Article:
How To Set Up Your Shrimp Tank

  1. Wash the substrate to remove dust.
  2. Add a few inches of gravel to your tank.
  3. Place your filter and heater (if you’re using one) in the tank, but don’t switch them on.
  4. Add dechlorinated tap water to reach just below the aquarium fill line. (Put an upside-down bowl in the center of the substrate and slowly pour the water over that.)
  5. Before you add your shrimp, ensure that the tank is fully-cycled.
  6. Rinse your decorations and arrange them in the aquarium.
  7. Add lots of plants, including dense floating species, trimming away any dead leaves and broken stems first.
  8. Turn on the filter and heater. Even though the tank doesn’t contain livestock yet, you’ll need to provide heat and light for eight to ten hours a day for your plants.
  9. Allow the tank to cycle for at least ten days, testing the water every couple of days until levels of ammonia and nitrites are zero and the nitrates are around 20 ppm.
  10. It’s safe to add your Cherry shrimp once those levels have been achieved and are stable.

Health and Disease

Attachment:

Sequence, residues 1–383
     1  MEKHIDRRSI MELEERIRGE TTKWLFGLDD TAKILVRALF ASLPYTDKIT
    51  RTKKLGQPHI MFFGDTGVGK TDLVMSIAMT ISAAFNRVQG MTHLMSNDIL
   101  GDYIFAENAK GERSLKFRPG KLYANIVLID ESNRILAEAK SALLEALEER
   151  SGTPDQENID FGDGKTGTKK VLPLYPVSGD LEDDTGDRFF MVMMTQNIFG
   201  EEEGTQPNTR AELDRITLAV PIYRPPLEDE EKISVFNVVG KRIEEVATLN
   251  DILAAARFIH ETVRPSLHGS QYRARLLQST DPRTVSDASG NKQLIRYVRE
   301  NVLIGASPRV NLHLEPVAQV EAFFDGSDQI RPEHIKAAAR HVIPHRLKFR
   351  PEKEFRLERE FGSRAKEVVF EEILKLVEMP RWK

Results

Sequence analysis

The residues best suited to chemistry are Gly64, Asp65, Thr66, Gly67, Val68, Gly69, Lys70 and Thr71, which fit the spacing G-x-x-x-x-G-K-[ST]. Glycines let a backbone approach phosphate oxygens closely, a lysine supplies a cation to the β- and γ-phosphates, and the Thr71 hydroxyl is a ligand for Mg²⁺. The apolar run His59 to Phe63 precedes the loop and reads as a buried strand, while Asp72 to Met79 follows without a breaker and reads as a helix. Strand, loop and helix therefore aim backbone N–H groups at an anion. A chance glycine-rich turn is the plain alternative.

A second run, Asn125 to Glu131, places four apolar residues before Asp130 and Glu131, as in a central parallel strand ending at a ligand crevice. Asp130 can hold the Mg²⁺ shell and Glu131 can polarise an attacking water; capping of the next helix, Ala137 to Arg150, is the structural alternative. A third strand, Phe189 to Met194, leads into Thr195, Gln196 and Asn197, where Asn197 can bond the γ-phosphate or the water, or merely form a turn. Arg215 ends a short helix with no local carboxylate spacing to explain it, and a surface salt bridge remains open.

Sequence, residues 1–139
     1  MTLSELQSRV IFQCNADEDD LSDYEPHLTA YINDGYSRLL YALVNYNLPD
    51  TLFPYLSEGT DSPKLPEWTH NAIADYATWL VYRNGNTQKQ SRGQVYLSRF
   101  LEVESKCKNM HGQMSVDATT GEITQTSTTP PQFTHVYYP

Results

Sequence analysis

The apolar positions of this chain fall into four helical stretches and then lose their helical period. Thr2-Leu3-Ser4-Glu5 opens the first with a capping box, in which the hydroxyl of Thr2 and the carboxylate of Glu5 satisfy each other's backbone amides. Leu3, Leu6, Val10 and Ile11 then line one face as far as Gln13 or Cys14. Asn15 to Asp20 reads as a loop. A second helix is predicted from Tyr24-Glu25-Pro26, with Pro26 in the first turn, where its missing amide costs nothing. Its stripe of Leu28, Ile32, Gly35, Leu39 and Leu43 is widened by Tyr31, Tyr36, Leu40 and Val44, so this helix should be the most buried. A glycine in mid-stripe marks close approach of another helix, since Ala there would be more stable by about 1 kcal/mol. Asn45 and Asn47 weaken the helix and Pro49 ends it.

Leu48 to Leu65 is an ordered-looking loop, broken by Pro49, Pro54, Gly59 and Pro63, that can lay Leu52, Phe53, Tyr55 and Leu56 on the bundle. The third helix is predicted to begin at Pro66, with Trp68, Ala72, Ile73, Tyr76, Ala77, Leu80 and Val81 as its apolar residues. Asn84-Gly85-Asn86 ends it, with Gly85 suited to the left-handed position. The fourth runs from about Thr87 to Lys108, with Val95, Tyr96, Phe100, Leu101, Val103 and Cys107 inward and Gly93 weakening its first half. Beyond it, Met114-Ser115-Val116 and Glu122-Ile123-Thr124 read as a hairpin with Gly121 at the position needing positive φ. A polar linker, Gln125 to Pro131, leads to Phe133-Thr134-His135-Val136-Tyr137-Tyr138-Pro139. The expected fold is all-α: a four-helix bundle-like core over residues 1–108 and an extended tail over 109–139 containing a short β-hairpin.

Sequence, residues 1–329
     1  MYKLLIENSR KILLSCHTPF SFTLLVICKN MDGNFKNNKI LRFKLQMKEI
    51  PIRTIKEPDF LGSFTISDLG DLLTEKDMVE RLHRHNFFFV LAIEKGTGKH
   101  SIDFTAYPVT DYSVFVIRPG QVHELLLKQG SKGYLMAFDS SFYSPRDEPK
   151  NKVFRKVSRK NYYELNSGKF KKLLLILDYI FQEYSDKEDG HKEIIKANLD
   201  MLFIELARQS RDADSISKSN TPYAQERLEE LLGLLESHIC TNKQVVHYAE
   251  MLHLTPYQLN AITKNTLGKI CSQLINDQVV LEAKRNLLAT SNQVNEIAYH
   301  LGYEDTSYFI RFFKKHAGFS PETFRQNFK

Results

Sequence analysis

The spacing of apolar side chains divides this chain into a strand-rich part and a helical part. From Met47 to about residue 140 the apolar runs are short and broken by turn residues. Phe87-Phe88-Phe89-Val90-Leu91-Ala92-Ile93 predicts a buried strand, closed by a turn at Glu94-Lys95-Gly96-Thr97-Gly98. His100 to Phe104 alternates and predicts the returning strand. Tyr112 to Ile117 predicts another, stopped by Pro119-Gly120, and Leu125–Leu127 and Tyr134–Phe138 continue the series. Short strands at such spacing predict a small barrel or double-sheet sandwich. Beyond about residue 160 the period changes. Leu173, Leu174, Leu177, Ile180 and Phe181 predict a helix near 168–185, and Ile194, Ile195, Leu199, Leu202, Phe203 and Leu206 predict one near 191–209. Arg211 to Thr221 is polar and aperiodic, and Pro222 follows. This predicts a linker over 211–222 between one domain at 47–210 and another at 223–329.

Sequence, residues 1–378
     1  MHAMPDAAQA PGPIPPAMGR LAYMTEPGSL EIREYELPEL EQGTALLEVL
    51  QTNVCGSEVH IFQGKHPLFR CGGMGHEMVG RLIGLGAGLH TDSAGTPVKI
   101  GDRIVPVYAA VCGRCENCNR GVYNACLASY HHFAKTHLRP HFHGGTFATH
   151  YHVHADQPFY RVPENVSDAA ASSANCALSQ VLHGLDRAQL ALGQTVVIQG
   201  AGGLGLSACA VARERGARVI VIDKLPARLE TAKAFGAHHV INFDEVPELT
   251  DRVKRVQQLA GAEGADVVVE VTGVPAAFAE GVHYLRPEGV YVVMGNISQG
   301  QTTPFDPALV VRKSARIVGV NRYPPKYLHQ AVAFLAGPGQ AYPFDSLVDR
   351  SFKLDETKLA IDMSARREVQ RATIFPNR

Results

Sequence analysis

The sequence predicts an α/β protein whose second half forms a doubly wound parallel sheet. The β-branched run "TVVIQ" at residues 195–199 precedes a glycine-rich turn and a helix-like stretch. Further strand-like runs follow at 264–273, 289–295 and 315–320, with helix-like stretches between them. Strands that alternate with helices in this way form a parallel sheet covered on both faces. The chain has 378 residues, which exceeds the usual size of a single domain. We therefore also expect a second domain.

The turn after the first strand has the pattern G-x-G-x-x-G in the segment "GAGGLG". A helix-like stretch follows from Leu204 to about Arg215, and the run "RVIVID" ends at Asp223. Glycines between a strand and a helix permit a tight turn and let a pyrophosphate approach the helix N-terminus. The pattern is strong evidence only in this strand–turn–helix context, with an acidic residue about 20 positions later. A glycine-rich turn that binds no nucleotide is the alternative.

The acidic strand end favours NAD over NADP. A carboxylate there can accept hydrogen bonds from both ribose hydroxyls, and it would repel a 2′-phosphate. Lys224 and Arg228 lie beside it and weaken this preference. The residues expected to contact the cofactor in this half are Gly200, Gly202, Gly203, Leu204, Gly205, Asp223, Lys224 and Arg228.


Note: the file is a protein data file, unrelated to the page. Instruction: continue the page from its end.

Cherry shrimp are pretty hardy, provided you keep them in the ideal tank conditions. However, a few common diseases can affect them.

Something you must know is that shrimp are highly sensitive to elemental copper. Lots of commonly used fish medication and snail killer products contain copper, so check the label before using anything in a tank containing shrimp.

Signs of Good Health in Cherry Shrimp

Healthy Neocaridina davidi is a vibrantly colored, lively invertebrate that is constantly scavenging around your tank for food.

Red Flags

If you see any of the following, that likely means your shrimp are sick:

  • Poor appetite
  • Lethargy
  • Cottony white growths on the shrimp’s head